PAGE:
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s. 45 Modern Slavery Act 2015 defence: CPS discontinue proceedings

Charges were brought against the then 21 year-old male Defendant in 2022 for possession of an offensive weapon and possession of cannabis. After the Defendant’s referral under the National Referral Mechanism and a positive Reasonable Grounds Decision from the Single Competent Authority, the Defendant ultimately pleaded not guilty to both charges in December 2023, represented by Isabella Kirwan. The defence raised was Section 45 of the Modern Slavery Act 2015.

Isabella Kirwan Guernica 37 Chambers

Despite a positive Conclusive Grounds decision in February 2024, and representations on the lack of public interest in the continued prosecution of the case by Isabella Kirwan to the CPS in light of the SCA’s findings, and expert evidence supporting this conclusion, the CPS indicated they would continue with the prosecution.

Anna Rubbi advised on the application of the CPS’ 4-stage test for cases invoking a modern slavery defence, the CPS guidance on Modern Slavery, and the Code for Crown Prosecutors which, in conjunction, require the Crown to provide reasons when they decide to maintain a prosecution despite evidence of modern slavery from the SCA, as there was in this case. While the prosecutor might not be bound by the findings of the SCA, they are obliged to take them into account and the CPS “would need to have clear reasons which are consistent with the definition of trafficking contained in the Palermo Protocol and the Anti-Trafficking Convention for disagreeing with it”: VCL and AN v United Kingdom (2021) 73 E.H.R.R. 9 (CPS Modern Slavery and human trafficking offences and defences policy 2020 as amended, 26 Jan 2024)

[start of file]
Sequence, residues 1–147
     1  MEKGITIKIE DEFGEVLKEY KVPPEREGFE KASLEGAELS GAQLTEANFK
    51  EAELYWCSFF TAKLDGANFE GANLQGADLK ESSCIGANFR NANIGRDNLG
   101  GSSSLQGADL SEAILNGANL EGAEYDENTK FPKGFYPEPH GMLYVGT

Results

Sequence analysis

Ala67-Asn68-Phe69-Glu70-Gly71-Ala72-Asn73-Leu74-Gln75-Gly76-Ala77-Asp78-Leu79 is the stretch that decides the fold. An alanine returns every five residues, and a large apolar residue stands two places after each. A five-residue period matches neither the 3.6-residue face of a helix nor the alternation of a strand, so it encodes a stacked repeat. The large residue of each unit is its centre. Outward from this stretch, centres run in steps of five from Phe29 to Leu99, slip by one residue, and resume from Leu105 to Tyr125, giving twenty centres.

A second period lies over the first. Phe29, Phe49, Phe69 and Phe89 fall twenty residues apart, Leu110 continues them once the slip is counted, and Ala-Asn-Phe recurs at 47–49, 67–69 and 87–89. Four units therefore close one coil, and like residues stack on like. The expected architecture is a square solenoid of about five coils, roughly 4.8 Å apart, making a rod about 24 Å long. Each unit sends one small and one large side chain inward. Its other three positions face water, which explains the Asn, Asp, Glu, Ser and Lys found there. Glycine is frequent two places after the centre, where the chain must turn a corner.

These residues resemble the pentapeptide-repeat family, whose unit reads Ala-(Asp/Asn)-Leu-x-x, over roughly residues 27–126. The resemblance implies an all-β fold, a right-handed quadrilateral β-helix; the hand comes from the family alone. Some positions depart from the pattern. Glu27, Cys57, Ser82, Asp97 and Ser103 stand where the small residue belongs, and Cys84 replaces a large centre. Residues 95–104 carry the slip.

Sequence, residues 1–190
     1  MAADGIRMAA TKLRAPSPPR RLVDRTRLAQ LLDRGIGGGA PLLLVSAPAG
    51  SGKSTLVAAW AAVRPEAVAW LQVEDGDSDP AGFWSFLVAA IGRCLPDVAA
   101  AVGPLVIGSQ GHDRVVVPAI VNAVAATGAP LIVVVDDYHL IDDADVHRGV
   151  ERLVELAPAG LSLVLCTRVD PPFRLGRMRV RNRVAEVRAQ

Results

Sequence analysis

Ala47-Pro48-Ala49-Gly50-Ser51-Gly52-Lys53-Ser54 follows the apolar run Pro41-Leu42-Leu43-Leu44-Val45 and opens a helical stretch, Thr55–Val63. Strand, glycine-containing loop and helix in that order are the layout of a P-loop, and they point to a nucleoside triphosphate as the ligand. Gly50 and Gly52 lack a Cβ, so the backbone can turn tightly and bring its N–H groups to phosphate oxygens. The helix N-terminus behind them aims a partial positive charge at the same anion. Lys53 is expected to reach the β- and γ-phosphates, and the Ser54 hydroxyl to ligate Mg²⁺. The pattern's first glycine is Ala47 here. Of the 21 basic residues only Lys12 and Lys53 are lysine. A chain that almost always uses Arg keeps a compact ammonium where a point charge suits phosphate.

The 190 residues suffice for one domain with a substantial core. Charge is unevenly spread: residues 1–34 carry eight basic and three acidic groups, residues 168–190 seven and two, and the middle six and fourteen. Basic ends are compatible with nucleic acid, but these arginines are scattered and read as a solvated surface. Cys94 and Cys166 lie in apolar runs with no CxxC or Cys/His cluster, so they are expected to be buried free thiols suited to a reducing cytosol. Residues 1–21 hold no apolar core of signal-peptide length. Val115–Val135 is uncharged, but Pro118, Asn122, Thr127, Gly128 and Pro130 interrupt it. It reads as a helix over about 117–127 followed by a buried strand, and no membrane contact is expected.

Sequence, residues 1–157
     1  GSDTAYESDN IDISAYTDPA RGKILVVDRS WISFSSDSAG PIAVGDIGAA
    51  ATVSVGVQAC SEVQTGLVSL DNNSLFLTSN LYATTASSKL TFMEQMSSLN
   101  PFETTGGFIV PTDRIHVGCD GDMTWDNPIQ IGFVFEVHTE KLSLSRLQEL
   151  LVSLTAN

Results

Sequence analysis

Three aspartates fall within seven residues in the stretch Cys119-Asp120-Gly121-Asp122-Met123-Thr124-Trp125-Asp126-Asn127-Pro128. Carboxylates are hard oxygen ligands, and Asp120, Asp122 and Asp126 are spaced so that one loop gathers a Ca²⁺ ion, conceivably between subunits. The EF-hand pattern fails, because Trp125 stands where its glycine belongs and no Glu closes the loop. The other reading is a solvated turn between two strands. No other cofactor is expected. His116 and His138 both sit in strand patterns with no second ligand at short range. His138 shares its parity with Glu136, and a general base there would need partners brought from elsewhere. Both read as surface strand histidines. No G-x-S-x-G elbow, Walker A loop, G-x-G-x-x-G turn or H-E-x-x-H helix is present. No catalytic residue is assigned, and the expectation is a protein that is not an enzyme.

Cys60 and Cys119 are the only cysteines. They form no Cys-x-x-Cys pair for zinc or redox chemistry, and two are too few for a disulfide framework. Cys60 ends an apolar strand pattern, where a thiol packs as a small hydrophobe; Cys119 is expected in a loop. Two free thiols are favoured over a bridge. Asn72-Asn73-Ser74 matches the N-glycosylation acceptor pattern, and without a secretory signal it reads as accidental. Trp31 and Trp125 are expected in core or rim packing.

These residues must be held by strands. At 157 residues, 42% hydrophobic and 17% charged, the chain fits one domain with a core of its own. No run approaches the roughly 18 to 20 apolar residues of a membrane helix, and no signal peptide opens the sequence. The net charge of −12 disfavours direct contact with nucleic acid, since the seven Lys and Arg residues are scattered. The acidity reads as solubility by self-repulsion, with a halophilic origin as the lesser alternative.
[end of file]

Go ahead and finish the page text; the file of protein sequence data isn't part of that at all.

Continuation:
Anna Rubbi Guernica 37 Chambers

Having not received a reasoned decision for the CPS continuing the prosecution – in spite of judicial direction – Muin Boase made an application for a stay, invoking the court’s residual abuse of process jurisdiction, relying on R v AAD [2022] EWCA Crim 106. The CPS did not respond to the application in time, and before it could be decided, the CPS discontinued the matter. 

Muin Boase Guernica 37 Chambers



The case serves a reminder that practitioners must be alive to the issue of modern slavery, and the statutory defence. It further underlines the need for CPS to closely abide by the Code for Crown for Prosecutors, and its own Guidance regarding Modern Slavery. The abuse of process jurisdiction in instances where the CPS has failed to abide by its own guidance should be at the forefront of practitioners’ minds, conscious of the ruling in R v AAD [2022] EWCA Crim 106: 


125We have to say, however, that we are, with respect, rather puzzled by some of the observations in [42] of the judgment. We wholly agree with the proposition that if there is a sound evidential basis for the CPS to depart from a conclusive grounds decision, it will not be an abuse of process for the case to be tried. Indeed so. What we find altogether more difficult is the following proposition that "if there is not, it will still not be an abuse of process but the judge will consider any submission that there is no case to answer." But there is no necessary logical connection between an application to stay on the basis of limb two abuse and a submission of no case to answer. Indeed, the application for a stay is essentially on the basis that it is unfair and oppressive for the defendant to be prosecuted and tried at all.

126. Moreover, this dictum does not seem fully to reflect the preceding statement (cited above) in [41] of the judgment in DS to the effect that if CPS guidance is properly applied the CPS will comply with its legal obligations. The implied corollary surely then must be that if the CPS guidance in a VOT case is not properly applied it will not comply with its legal obligations. And if that is indeed the scenario, legal redress, in the form of an opportunity at least to make an application for a stay, should be available: which a Crown Court judge can then appraise by way of review on public law grounds. Moreover, so to conclude does not in any way involve a Crown Court judge entering into the arena of making improperly decisions of fact or usurping the functions of CPS and jury.


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